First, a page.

While output in the belt has expanded gradually, it has declined in older oil fields elsewhere and economists say projects here are moving too slowly to provide relief from the crisis or come close to meeting Chávez's goal of producing 6 million barrels a day by 2019. Some of the state-owned companies Chávez brought in to replace the private drillers, such as PetroVietnam and Malaysia's Petronas, have either halted production or pulled out because of economic turbulence in Venezuela and disagreements with Maduro's cash-strapped government.

Meanwhile, U.S. petroleum exports to Venezuela, much of it fuel additives to dilute the country's heavy crude, have grown twelvefold in the past decade as domestic refineries go unmaintained.

PDVSA did not make any official available despite repeated requests by The Associated Press for an interview.

Traveling around the long-neglected region it's easy to see why Chávez's decision to give Big Oil the boot remains popular.

In the town of San Tome, the tree-lined worker camps built by Andrew Mellon's Gulf Oil attest to the discriminatory living conditions that prevailed for decades. The Americans enjoyed a country club setting in what's still known as North Camp; their Venezuelan co-workers lived in the less spacious South Camp across the road.

Francisco Rivas Lara, who started in Venezuela's oil industry in the 1940s as a teenage office assistant for Texaco, believes nationalization was the correct path after decades of domination by foreign multinationals. But he says corruption and the preference for politics over developing skilled professionals are to blame for the industry's current malaise.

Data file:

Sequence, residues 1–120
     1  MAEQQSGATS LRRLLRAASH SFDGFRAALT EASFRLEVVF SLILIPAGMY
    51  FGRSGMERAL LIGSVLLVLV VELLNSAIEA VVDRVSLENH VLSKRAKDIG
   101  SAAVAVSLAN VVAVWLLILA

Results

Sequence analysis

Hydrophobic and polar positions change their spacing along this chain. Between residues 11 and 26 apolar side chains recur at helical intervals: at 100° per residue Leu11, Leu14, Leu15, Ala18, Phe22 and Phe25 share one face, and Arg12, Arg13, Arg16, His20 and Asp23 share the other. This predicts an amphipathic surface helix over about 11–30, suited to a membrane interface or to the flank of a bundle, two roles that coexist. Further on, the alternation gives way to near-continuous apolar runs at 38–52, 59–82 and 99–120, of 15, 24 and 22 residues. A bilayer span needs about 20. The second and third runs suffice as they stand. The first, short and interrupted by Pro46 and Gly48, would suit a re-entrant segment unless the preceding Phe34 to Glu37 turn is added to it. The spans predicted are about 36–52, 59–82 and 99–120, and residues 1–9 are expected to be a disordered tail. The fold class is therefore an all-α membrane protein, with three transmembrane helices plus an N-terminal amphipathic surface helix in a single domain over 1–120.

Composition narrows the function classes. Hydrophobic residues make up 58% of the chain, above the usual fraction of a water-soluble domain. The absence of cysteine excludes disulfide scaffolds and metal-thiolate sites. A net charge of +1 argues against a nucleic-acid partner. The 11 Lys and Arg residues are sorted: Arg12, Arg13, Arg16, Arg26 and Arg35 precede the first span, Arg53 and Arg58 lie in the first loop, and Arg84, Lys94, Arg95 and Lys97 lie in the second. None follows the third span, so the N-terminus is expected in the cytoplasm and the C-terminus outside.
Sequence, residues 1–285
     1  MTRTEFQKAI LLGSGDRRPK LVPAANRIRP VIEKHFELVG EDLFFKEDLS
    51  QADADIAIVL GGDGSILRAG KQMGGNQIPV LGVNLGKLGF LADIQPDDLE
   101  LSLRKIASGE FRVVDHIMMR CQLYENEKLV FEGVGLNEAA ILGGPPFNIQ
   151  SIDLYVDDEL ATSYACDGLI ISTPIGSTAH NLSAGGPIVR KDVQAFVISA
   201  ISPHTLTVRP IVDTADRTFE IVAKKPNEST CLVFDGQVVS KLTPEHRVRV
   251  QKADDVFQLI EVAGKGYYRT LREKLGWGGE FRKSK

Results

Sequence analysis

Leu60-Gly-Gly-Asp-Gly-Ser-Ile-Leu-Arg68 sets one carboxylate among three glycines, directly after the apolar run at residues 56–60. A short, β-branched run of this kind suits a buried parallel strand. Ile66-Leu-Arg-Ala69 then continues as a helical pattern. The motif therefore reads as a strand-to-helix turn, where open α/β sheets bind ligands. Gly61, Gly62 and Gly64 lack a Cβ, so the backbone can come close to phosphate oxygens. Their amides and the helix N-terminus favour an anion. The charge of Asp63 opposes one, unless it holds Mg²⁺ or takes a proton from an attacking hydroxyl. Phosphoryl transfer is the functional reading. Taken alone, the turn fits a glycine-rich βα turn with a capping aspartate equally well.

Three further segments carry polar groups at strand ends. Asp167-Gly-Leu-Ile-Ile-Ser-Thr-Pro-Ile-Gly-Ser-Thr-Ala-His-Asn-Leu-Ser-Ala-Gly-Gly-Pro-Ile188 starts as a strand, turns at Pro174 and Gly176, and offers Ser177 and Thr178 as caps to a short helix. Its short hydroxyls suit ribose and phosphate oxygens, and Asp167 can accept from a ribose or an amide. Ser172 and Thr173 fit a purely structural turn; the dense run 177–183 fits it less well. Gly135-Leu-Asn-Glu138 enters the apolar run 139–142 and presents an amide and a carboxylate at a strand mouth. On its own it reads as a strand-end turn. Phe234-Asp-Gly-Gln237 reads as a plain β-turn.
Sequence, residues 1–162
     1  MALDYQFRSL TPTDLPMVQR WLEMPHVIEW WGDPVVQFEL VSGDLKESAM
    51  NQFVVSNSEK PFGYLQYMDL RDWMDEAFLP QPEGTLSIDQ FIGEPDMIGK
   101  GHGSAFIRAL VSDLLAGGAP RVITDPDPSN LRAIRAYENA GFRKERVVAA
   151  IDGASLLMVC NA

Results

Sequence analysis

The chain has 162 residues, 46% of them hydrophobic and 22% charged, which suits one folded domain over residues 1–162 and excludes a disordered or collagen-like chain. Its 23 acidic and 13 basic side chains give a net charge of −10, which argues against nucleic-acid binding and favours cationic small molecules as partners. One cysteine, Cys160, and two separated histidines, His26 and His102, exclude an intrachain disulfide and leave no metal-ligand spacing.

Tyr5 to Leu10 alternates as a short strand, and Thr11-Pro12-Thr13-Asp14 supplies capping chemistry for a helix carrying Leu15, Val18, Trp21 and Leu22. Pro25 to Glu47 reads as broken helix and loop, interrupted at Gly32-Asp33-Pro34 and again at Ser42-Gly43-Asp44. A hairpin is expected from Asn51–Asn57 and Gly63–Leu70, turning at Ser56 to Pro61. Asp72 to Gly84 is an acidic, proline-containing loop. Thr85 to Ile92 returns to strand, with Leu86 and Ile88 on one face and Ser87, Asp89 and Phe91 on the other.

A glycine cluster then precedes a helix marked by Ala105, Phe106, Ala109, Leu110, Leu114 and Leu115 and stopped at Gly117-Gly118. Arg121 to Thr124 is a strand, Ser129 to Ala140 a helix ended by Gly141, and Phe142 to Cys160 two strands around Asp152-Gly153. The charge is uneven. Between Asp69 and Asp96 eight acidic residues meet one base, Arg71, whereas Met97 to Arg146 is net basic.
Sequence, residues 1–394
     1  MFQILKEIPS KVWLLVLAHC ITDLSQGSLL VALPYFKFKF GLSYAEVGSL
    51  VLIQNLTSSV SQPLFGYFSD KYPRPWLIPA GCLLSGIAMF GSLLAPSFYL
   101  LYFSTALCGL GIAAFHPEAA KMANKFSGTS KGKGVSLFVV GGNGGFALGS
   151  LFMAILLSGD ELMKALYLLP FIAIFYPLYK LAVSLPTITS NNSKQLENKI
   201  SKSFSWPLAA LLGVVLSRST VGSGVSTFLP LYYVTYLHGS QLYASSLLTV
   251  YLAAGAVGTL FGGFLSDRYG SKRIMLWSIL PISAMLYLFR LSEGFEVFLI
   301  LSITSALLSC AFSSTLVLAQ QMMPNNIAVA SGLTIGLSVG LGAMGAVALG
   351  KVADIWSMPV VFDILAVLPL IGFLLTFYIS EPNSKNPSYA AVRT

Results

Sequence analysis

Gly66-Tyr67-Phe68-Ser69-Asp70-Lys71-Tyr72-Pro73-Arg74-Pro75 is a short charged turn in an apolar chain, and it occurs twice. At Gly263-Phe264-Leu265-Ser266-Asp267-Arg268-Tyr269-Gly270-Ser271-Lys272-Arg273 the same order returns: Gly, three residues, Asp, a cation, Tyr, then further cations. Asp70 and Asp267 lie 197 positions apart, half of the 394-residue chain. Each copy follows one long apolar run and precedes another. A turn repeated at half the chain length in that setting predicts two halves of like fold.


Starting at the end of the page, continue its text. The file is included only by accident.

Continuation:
"Private companies don't have a country or a heart, and money has no homeland," said Rivas Lara, who now heads the oil engineering program at Venezuela's National Experimental University of the Armed Forces. "The problem is people confused socialism with laziness, villainy and theft."

Amid the mounting economic pressures, Maduro has loosened some of the country's rigid controls on foreign investment. In exchange for loans, companies get greater control over projects and access to Venezuela's most favorable exchange rate. So far, Spain's Repsol and Chevron have taken up the offer.

Investors were also heartened by last year's replacement of longtime oil czar Rafael Ramirez with the lower-profile Eulogio Del Pino, a Stanford University-educated technocrat who is seen as a less political PDVSA president.

But analysts said most companies are investing the minimum while waiting for the business environment to improve. Meanwhile, the cash crunch has grown so severe that Maduro has floated the idea of selling PDVSA's American subsidiary, Citgo. He's also vowed to raise the world's cheapest gasoline prices that many Venezuelans consider a birthright.

Such steps, if taken, seem unlikely to ease the economic crisis, however.

"It will be a miracle if they maintain production at current levels," said Richard Obuchi, an economist and energy specialist in Caracas. "The industry needs a major boost of investment but that's impossible given the economic uncertainty."